Building your rig so light that it will break is no guarantee of safety whatever your righting moment. To a point, the lighter your rig the greater your likelihood of capsize.The price of carbon fibre makes it impractical for most cruisers. It will improve safety at sea by insuring that you will be far les likely to be able to afford to spend as much time cruising. However that will mean more time ashore in dangerous traffic ,breathing toxic gasses, raising your blood pressure ,and stressing out, trying to get to work to pay for them ,so you will actually reduce your safety and life expectancy, overall. The sea on any well built yacht is still the safest place on the planet to be, no carbon fibre needed.
Brent
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Old 07-06-2006, 16:07   #75
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DT,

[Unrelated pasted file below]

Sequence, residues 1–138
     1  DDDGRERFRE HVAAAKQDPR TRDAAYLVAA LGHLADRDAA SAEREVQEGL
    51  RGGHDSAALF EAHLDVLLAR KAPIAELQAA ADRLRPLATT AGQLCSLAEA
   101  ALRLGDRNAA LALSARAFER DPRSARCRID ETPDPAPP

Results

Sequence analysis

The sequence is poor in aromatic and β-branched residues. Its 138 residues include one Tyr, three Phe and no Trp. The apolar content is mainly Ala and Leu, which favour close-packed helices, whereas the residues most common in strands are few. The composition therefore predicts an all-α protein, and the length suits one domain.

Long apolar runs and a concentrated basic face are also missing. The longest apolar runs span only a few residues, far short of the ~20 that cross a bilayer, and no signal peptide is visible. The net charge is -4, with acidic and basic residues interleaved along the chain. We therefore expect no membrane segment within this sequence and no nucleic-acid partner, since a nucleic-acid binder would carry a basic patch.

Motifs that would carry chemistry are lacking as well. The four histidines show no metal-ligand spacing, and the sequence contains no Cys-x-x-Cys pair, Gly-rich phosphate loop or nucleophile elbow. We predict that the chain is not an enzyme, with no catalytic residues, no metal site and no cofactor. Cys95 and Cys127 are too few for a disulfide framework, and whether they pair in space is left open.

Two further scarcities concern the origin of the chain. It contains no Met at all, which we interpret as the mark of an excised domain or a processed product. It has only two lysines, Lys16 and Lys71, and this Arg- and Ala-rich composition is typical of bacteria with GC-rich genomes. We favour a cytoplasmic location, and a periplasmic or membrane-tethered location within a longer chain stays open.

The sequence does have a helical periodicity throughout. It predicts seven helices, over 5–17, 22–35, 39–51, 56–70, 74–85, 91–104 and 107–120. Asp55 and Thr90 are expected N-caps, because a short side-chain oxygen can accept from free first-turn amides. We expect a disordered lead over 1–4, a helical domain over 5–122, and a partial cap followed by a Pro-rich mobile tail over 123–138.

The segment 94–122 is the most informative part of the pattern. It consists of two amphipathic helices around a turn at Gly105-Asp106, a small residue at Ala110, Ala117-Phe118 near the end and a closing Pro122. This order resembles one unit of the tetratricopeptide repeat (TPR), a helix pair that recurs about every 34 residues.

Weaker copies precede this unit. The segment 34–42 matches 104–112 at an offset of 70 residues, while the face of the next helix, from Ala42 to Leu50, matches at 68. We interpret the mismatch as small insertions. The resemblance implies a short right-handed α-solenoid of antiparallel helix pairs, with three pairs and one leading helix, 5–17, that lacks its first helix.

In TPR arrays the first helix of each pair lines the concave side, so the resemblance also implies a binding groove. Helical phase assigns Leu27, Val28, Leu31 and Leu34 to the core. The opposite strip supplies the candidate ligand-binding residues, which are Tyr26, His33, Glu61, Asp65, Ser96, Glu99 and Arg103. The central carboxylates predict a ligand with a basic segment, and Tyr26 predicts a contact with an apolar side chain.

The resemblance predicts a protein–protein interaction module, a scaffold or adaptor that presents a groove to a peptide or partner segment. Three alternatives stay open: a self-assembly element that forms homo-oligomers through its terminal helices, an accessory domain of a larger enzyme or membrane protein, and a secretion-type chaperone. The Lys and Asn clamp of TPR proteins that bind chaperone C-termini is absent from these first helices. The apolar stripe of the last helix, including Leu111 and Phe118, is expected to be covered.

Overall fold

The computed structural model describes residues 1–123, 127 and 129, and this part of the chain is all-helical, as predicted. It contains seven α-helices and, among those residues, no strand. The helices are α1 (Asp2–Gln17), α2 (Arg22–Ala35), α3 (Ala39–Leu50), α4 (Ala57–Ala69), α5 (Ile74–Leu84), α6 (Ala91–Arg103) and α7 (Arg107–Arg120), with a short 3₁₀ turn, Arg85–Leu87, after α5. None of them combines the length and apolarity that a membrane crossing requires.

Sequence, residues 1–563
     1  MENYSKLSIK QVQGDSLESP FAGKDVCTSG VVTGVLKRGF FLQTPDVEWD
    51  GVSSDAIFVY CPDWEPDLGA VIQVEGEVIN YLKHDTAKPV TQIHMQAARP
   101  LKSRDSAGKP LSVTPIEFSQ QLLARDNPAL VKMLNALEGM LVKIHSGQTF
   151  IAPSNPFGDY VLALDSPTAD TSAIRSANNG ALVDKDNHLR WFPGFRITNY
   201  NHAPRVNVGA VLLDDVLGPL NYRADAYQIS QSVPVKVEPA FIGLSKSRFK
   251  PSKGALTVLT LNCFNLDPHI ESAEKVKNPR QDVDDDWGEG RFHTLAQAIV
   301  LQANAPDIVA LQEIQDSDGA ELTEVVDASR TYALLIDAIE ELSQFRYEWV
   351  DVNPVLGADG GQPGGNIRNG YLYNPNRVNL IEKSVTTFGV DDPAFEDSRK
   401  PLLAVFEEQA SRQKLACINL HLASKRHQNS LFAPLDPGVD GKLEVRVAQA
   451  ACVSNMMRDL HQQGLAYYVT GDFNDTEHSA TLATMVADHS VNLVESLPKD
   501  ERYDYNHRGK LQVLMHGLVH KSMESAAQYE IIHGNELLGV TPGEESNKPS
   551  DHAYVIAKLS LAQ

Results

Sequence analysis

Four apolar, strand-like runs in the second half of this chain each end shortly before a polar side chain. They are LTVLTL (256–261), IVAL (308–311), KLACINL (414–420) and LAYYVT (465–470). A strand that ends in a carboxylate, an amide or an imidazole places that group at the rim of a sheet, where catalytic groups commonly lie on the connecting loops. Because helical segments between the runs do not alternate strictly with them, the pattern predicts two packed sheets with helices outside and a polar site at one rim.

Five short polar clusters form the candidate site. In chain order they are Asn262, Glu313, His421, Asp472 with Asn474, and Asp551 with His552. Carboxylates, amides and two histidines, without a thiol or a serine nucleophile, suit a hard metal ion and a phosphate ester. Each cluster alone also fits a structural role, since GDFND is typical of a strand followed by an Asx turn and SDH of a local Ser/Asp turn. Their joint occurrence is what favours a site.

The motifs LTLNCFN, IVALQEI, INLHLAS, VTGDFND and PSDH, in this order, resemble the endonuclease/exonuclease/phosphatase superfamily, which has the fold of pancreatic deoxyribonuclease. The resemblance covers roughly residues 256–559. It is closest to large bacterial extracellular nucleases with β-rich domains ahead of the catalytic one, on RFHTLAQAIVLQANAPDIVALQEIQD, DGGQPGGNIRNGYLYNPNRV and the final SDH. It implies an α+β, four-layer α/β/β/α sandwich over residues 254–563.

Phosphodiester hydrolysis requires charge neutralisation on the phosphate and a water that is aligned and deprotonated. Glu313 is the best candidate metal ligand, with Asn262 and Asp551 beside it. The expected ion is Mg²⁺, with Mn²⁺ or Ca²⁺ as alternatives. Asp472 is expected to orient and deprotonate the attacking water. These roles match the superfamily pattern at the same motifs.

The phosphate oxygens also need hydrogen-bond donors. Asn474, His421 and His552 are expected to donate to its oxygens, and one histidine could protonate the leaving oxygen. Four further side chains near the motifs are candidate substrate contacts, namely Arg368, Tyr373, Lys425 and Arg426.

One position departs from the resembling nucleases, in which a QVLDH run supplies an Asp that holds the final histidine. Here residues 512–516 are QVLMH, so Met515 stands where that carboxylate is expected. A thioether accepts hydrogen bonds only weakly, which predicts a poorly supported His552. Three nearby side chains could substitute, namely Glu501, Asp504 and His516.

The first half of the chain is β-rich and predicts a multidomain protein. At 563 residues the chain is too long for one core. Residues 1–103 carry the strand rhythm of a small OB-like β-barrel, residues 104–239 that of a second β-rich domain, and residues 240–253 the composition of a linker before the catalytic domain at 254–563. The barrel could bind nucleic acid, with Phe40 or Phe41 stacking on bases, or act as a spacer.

I think the point of 50% motoring estimate is not that of all the miles you travel, half of them will be under power, but that there is a high probability you encounter periods where you will need (want?) to motor half the time or more. I can make the decision to sail only, but only if I want to induce my family to mutiny. So, you are preparing for these times. I'm sure one can sail thousands of miles without aux power. It has been done for thousands of years.
LR-Price is a reasonable argument against carbon but strength is not. This is now mature technology. Just imagine removing 160lbs aloft on a 40 ft boat! I have read the paper on heavy mast increasing initial stability (moment of inertia) in contex of wave inpact, but this seems far less applicable to a light multihull. The weight issue is important to reduce wetted surface which increases light air preformance, making an engineless ship more practical.
I agree the non-fossil fuel cruiser is rather impractical. The Baja bash would be hell.
Battery tech may increase to the point that in 10 years we will be able to motor under batteries for 24 hours before recharge. You could do it now if you spent $200K on lithium batteries.
I definitely agree with less work more cruising!
-Apes